This more recent interpretation of the element of deliberateness (employer intent) adopted a "reasonably foreseeable consequence" standard (Martin v. Cavalier Hotel Corp., 1995). This standard was based on court holdings that an employer may create an "inference that it was attempting to force the plaintiff to resign" (Paroline v. Unisys Corp., 1989) and that "if the plaintiffs resignation was a reasonably foreseeable consequence of the employer's actions, those actions were necessarily taken with the intention of forcing the employee to quit" (Hukkanen v. International Union of Operating Engineers, 1993; Martin v. Cavalier Hotel Corp., 1995).

It is significant to note that the Martin ruling was made by the Fourth Circuit Court of Appeals, which traditionally had required both the deliberateness and intolerability elements to prove constructive discharge. Thus, the Martin case represents a significant change in court interpretation, concluding that specific, direct evidence of employer intent is not required to prove the "deliberateness" of an employer's actions.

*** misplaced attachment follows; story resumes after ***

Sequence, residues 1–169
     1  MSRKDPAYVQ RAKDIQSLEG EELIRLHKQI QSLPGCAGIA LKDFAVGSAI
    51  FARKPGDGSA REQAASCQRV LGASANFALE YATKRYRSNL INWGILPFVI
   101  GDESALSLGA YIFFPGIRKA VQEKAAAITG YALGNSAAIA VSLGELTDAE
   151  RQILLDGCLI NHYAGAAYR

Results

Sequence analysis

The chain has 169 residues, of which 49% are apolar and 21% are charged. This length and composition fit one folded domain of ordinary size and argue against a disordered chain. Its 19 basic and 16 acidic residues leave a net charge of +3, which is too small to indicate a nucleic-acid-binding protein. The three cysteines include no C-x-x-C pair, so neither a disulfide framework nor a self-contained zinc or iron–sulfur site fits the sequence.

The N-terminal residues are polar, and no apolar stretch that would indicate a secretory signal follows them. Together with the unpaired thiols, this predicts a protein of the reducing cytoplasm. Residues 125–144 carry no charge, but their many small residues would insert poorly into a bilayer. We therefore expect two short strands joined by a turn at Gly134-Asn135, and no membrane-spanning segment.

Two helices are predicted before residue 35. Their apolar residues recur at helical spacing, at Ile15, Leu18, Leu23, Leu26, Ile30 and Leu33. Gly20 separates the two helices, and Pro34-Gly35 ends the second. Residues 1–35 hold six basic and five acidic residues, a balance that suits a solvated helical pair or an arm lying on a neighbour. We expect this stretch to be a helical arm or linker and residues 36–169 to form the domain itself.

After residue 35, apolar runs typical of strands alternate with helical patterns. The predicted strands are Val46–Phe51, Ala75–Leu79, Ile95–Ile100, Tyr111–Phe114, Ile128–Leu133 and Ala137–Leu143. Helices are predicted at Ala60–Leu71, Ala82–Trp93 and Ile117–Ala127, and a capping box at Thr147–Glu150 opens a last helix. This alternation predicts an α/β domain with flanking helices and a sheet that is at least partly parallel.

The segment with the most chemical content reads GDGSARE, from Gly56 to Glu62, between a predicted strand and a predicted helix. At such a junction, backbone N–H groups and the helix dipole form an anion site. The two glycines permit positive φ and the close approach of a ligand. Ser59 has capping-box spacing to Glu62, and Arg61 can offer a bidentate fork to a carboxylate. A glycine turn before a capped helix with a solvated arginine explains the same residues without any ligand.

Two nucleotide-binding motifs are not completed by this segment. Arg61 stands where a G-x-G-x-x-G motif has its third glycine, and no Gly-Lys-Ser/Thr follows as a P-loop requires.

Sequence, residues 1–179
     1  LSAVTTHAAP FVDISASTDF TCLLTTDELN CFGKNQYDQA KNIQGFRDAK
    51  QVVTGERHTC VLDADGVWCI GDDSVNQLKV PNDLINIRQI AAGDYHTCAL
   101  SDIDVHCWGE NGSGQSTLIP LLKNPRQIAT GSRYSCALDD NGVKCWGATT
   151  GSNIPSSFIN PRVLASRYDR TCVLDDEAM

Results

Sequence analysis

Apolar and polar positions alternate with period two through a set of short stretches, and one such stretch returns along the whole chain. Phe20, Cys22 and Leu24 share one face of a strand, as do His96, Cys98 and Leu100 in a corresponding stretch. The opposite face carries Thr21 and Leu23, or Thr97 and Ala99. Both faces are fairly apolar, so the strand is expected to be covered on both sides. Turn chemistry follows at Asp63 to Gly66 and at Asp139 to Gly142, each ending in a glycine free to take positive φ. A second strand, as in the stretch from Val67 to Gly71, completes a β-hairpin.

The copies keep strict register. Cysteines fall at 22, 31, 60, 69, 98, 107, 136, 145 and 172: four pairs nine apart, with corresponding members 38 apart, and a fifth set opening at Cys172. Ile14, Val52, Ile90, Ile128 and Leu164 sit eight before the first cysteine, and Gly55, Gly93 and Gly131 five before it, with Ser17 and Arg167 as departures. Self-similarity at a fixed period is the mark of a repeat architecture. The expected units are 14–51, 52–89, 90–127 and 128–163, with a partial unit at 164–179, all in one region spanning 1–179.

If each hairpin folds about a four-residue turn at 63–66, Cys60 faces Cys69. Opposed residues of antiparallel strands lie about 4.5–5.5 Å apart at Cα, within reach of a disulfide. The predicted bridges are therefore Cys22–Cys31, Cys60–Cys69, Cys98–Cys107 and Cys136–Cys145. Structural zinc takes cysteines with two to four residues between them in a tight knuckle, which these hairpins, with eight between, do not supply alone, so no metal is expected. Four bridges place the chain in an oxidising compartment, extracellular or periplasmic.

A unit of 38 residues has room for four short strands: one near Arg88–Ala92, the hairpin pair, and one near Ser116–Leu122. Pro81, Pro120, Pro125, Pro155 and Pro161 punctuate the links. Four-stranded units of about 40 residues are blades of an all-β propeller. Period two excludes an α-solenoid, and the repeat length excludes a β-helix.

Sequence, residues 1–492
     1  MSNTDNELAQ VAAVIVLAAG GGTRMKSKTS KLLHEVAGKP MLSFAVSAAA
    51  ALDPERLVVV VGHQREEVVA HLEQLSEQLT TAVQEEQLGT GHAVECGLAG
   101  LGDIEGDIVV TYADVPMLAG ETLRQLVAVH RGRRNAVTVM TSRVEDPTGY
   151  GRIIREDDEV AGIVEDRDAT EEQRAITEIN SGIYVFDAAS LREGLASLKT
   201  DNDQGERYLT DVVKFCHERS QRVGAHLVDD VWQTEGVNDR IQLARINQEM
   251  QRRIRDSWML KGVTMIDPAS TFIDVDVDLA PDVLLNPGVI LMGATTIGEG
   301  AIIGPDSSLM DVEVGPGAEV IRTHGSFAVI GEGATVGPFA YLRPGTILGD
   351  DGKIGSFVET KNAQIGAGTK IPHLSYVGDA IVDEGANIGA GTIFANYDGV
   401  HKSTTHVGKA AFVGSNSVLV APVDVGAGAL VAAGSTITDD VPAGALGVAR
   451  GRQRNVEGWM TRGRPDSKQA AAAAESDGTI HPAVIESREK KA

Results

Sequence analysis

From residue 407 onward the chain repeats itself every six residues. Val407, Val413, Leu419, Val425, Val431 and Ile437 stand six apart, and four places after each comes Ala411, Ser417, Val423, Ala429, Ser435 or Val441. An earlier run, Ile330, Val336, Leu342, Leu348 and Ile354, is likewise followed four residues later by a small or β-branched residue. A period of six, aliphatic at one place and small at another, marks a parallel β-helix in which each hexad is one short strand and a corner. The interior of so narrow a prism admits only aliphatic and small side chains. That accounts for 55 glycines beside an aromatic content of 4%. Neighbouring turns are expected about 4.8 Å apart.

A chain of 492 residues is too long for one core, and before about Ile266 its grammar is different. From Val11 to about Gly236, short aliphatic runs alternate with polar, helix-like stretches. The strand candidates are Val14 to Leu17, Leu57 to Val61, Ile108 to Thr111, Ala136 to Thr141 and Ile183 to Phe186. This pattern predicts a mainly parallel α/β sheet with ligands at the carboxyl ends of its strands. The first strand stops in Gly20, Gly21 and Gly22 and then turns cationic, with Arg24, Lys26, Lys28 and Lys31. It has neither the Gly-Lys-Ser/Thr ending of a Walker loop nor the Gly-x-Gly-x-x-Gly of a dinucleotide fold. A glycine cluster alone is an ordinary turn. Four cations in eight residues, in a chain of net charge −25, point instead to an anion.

Hukkanen v. International Union of Operating Engineers. The Martin court then discussed Hukkanen v. International Union of Operating Engineers, which also adheres to the minority view. Like Martin, Hukkanen was a sexual harassment case, involving "similar though less egregious facts" in that the supervisor "only threatened to rape" the plaintiff. Like the employer in Martin, Hukkanen argued that the supervisor's actions were not intended to force the plaintiff to resign but, instead, were "intended to extract some sort of sexual favor from the plaintiff or to provide a perverse sort of amusement." The Eighth Circuit rejected this argument as "bizarre."

The Hukkanen court thus concluded that the plaintiff had produced sufficient evidence that her resignation was the "reasonably foreseeable consequence" of the employer's conduct. In other words, the plaintiff had demonstrated the requisite employer intent.